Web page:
Well it is official – as the Dorset Echo has reported, some 204 years after it was created to honour King George III, the Osmington White Horse has finally received the “Royal seal of approval” from HRH The Princess Royal.

When Geoff and Christine Codd had been organizing the Princess’ visit to celebrate the creation and restoration of the White Horse, they had tried to cover every eventuality. Tents were kindly loaned by St Mary’s school, Puddletown and the Army Cadet Force to give protection from wind and rain, but there remained the one thing that could call a halt to the proceedings – fog. And what did we look out on as we opened the curtains on the 12th March? FOG!

We are an optimistic bunch though, so even as we set up the equipment, and guests and spectators arrived in the chilly damp field, we just thought it would ‘burn off’ in plenty of time.  Things at the Royal end were a little more stressed however, as the helicopter was fogged in and couldn’t even collect them.  So the timetable got pushed back – eventually by an hour and a half – but it really didn’t matter at all.

I had the TV and DVD player set up to show a three-minute video of the project and quite a few folk were able to watch that. The BBC and ITV had teams there as well as the Echo and Western Daily Press, so there were quite a few photos and interviews and the ITV reporter even had time to be taken up to the foot of the Horse to get a new angle (about 30 degrees) on the proceedings. The rest of us just talked amongst ourselves until we got word that she was due in a few minutes, at 1.00pm.

If you have difficulty viewing this video, please click here.

I have to say that it was a genuine thrill as the Royal helicopter appeared over the Horse and even more so as it landed with its polished maroon livery glinting in the sun.  Then Princess Anne emerged to be greeted by Mrs Anthony Pitt-Rivers, Lord-Lieutenant of Dorset and to be introduced first to various local dignitaries, and then to Geoff Codd, her host for the visit.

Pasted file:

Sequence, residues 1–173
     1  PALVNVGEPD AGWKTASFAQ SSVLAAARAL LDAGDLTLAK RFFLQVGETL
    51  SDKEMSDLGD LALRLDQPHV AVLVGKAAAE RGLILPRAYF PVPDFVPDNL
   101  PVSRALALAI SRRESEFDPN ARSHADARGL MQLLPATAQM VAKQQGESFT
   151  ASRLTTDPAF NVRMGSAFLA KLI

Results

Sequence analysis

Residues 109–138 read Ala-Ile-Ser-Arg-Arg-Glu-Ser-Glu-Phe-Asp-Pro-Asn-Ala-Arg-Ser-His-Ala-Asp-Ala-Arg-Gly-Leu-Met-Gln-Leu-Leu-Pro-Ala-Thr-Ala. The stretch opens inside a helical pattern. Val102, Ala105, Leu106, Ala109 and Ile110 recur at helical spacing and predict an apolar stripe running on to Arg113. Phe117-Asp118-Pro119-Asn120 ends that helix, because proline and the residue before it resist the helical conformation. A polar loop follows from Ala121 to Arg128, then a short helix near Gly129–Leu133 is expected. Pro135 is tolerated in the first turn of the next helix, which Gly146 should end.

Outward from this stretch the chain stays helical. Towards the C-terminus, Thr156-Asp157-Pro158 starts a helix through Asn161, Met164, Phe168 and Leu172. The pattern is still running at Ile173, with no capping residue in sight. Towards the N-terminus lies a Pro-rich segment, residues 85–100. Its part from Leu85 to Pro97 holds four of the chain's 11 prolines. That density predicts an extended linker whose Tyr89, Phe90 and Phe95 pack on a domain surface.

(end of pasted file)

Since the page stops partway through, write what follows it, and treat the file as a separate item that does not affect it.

My video slideshow (which you can see here) set the ball rolling with a brief overview of the restoration on the hill featuring just some of the enthusiastic volunteers who had made it possible.  The Princess, followed by Mrs Anthony Pitt-Rivers, then went on to meet members of the Restoration Group, The Osmington Society, The Dorset Countryside Rangers, Ordnance Survey, Natural England, English Heritage and Aggregate Industries – all of whom had been crucial to the project.

Next Geoff introduced her to our other guests including Mary Kempe, a direct descendent of the original landowner, and the parents of the late Elliot Green, who had worked so hard on the restoration. Then it was time to meet representatives of the Army Cadet Force, The Royal Engineers, The Royal Navy, PGL Holiday Camps, Thomas Hardye School and finally the Weymouth east Scouts and Houldings Explorers.

The White Horse had certainly risen to the occasion and was positively glowing in the sunshine as Princess Anne and Geoff Codd headed for the engraved stone plaque. Although it will eventually be mounted on a stone plinth in the planned viewing point on White horse Hill, for this event the plaque was on an impressive wooden plinth made by Mark ‘Scratch’ Scotchmer, our resident cabinet maker. And for the unveiling, it was covered by a wonderful piece of fabric that my wife Liz had bought many years ago, thinking it would come in handy. It did – especially with some tassels that she had borrowed from a cushion.  The Princess said that she approved!

It was a proud moment for Geoff Codd when, with the White Horse as a backdrop, he formally welcomed Princess Anne and invited her to unveil the plaque to celebrate the occasion on behalf of her great, great, great, great Grandfather (to which she replied “Ancester will do!”).  I am pleased to report that this process went very smoothly – the fabric slid off (with a little help from Geoff) and the plaque on its fine plinth was revealed! Princess Anne was clearly very impressed and said so. She paid tribute to the achievement by the many volunteers and remarked that even in our world of technology, some things just need hard work. She was also delighted that this superb landmark would be ready in time for the Olympics.

Then it was time to go and as her helicopter took off and the crowd waved, no one was in any doubt that the Osmington White Horse did indeed have  the “Royal seal of approval”. And for those lucky enough to meet her, it was an occasion they would never forget.

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